Batrachochytrium is a globally distributed genus with a complex evolutionary history within the two described species, B. dendrobatidis and B. salamandrivorans (Farrer et al., 2013, 2017; Rosenblum et al., 2013; Jenkinson et al., 2016). B. dendrobatidis originated at least 30 mya and is comprised of multiple, deeply diverged lineages including a Global Panzootic Lineage (GPL) and four enzootic lineages that are generally confined to their respective regions, B. dendrobatidis-Brazil, B. dendrobatidis-Cape, B. dendrobatidis-CH, and B. dendrobatidis-Korea (Schloegel et al., 2012; Farrer et al., 2013; Rosenblum et al., 2013; Martel et al., 2014; James et al., 2015; Jenkinson et al., 2016). Recent mass mortality events and population declines linked to B. dendrobatidis have been primarily associated with B. dendrobatidis-GPL (Fisher et al., 2009; Farrer et al., 2011; James et al., 2015). B. dendrobatidis-GPL is rapidly evolving with genetic differentiation that generally form two clades, B. dendrobatidis-GPL1, which is found primarily in North America, and B. dendrobatidis-GPL2, which is a geographically dispersed group (Schloegel et al., 2012; Rosenblum et al., 2013; James et al., 2015). B. salamandrivorans originated at least 30 mya where it coexisted with an Asian salamander clade (Martel et al., 2014) until its emergence in Western Europe resulted in rapid population declines of European fire salamanders (Martel et al., 2013; Stegen et al., 2017). To date, only B. dendrobatidis-GPL isolates have been tested to identify amphibian skin bacteria with Batrachochytrium-inhibitory traits (Antwis et al., 2015; Woodhams et al., 2015; Madison et al., 2017; Muletz-Wolz et al., 2017a).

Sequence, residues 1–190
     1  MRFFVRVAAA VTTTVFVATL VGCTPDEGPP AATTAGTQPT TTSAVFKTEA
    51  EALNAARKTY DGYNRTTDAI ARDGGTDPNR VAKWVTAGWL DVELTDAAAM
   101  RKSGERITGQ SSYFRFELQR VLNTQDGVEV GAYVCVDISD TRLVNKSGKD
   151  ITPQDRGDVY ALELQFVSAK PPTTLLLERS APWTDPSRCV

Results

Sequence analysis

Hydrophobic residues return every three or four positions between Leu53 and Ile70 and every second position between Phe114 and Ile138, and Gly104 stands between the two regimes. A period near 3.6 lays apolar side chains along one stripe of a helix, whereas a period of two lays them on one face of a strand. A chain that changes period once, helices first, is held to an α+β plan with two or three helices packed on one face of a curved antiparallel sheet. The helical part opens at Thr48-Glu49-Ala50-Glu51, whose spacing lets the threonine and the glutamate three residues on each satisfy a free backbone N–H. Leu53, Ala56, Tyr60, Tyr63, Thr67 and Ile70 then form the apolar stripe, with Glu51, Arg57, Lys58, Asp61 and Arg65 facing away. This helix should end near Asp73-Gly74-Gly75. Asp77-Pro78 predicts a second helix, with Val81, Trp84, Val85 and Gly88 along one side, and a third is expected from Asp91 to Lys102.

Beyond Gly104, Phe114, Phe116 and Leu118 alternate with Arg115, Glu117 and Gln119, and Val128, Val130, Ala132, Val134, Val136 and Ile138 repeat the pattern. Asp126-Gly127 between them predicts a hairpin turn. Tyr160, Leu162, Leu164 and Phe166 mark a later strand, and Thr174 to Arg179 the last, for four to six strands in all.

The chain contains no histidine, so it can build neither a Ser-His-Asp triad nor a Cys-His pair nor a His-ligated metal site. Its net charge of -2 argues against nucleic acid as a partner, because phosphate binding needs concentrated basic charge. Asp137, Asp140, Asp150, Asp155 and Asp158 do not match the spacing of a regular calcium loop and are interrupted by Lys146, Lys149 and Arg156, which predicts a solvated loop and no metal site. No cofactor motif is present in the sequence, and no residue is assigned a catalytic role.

Amphibian population declines and mass mortality events linked to B. dendrobatidis often have been more devastating in cooler seasons and higher elevations (Berger et al., 2004; Lips et al., 2006, 2008; Kriger and Hero, 2008; Carvalho et al., 2017). Host and pathogen responses may explain increased virulence at lower temperatures, including changes in (i) B. dendrobatidis fecundity as a life-history tradeoff (Woodhams et al., 2008), (ii) host immune response to infection (Ribas et al., 2009; Longo and Zamudio, 2017), and (iii) antifungal activity by bacterial symbionts (Daskin et al., 2014; Woodhams et al., 2014; Bresciano et al., 2015). For amphibian skin symbionts, temperature influences bacterial growth rate and population size, and high cell density is often needed to produce inhibitory metabolites (Yasumiba et al., 2016). Compared to B. dendrobatidis (Piotrowski et al., 2004; Stevenson et al., 2013), B. salamandrivorans generally has a lower optimal growth temperature (Martel et al., 2013) and B. dendrobatidis-inhibitory bacteria may not be effective against B. salamandrivorans due to temperature-dependent growth constraints of pathogen and bacteria, among other reasons [e.g., genetic and phenotypic variation between B. dendrobatidis and B. salamandrivorans (Farrer et al., 2017; Stegen et al., 2017)].